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One thing leads to another, and following Wednesday’s case study, Roger Canham, 45-49 age-group winner at Ironman UK, sent me his race data to examine. Again I have heart rate data from swim through to finish – no problems with limited memory this time – and while not quite as detailed as the seven page report my athlete provided I also have a good overview of how his day progressed. Sufficient information to breakdown how a well-trained age-group winner races and, should time allow, contrast this with my own athlete aspiring to perform similarly in the future.

Roger does not have a swim background so, unlike my athlete, his relative performance is far more dependent on pool time. He’s not a weak triathlon swimmer by any means, but exits the water roughly ten minutes behind the front-of-pack. The only compensation for this loss of time is the added motivation of the chase – reclaiming those places on the bike and run. Having commented on a general lack of swim heart rate data, I now have a second set to look at and a different pattern to the previous example. Starting high – race adrenaline – as did my athlete, but then a much stronger drop off to what should be a very steady effort level for the last 20 minutes. I suspect (and would be interested to see more data to support it) that this would be a typical difference between front-of-pack and mid-pack swimmers – faster swimmers better able to sustain a higher proportion of their threshold. Interestingly while heart rate drops race splits suggest Roger’s second lap was faster; mismeasured timing mats or more relaxed technique?

Ironman UK 2012: Heart Rate During the Swim for Roger Canham

Bike and run performance are quite balanced, Roger is strong in both. Unfortunately, much like me, he’s not particularly keen on threshold tests, the most recent accurate data point is a December Functional Threshold Power (FTP) of 310 Watts. After six months of training – assuming it was appropriate – it is probably higher, but lacking certainty I used 310W in the model to see how the numbers compared. Confident in his strengths on land Roger specifically targeted 80% of his FTP, or 250W, for the bike; it’s the higher end of Ironman racing, but he’s repeatedly demonstrated the fitness to perform at this level. As my pacing chart below shows, there is a drop off in power, but he trends below that 80% line throughout.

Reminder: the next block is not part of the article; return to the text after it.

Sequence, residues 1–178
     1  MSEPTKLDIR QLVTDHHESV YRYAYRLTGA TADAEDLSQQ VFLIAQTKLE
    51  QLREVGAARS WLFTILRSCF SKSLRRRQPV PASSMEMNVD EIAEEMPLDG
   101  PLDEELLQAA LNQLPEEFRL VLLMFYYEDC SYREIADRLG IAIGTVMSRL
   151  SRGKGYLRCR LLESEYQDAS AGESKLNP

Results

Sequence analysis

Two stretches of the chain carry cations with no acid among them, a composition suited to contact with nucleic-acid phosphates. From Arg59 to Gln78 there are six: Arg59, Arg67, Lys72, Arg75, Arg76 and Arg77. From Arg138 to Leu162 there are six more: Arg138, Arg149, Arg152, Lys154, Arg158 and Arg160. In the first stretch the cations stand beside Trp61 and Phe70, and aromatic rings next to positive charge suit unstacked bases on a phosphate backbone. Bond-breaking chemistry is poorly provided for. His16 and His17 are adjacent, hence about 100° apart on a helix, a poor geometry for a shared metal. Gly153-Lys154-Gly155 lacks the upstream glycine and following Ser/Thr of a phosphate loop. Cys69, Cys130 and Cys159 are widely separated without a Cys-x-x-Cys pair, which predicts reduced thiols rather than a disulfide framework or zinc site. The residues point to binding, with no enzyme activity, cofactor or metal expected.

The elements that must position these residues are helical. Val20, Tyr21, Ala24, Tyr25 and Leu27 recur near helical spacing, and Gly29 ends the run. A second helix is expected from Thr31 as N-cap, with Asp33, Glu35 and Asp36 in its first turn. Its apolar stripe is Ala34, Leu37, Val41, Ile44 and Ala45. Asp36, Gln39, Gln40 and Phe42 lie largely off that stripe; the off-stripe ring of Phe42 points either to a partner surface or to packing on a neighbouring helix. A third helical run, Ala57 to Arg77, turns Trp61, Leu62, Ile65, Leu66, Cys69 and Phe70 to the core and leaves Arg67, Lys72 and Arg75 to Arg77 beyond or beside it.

Ironman UK 2012: Roger Canham's Race Power Output Compared to Generalised Pacing Strategy

Power is perhaps a little variable (VI of 1.0, not bad in Bolton), but I would be hard pressed to say with certainty that he could have adopted a better strategy. We can be sure Roger has routinely trialled this pacing in training and of course has ample race experience to back this choice. I suspect his FTP is higher than the estimate I’ve used, which obviously lowers the relative intensity, but it would take a value around 340W to bring intensity below 75% and Training Stress Score (TSS) below 300. It would be interesting, if he can be persuaded, to produce a more current estimate of FTP. An additional point to consider while looking at the power output is how rock-solid his heart rate, the graph below shows no fall off over the 5:35 split.

Ironman UK 2012: Power Output and Heart Rate for Roger Canham

By transition Roger has overtaken my athlete, but both look to be having good races. The run is where that changes. Roger slowed over the course of the marathon as the graph below shows, but he never succumbed to the level of breakdown my own athlete did. I would estimate a relatively modest decline in speed in line with the gradual decline in heart rate, at least based on the imprecisely placed timing mat measurements. Roger’s notes mention the final lap being harder, and there is a plateau in heart rate around that point, like he’d found a steady state for the rest of the day. Steady here meaning a 3:08 run split.

Ironman UK 2012: Marathon Heart Rate for Roger Canham

Roger put together a well paced race based on experience and a strong feel for his capabilities (run and swim were executed by feel). Pacing guidelines are a generalisation as his ability to work outside them demonstrates; it emphasises the importance of testing your strategy in training and learning how Ironman pacing feels. My athlete raced more conservatively, but ultimately struggled towards the finish, pacing alone might suggest a better result, but of course the depth and history of training comes into play. Focussing on run training, the topic of the initial case study, besides a longer history throughout the majority of their respective builds Roger averaged double the weekly run hours my athlete managed. Depth of training clearly plays an important role.

Thanks to Roger for providing this data, always interesting to see how athletes are racing from the front to the back of the field. He’s long suggested I should develop a race/power analysis service alongside my coaching, I continue to ponder this idea. I do intend to utilise more of my athletes’ data and, with their permission, incorporate it on the site. Also, I am interested in building my race data reference library and would be keen to see data from others; I cannot guarantee a response (paying clients take precedent and it depends on numbers), but if you have a good data set for a race and are willing to potentially have it discussed on this blog, drop me a mail.

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From nutrition to pacing - a collection of CoachCox blog posts focused specifically on Ironman training and racing.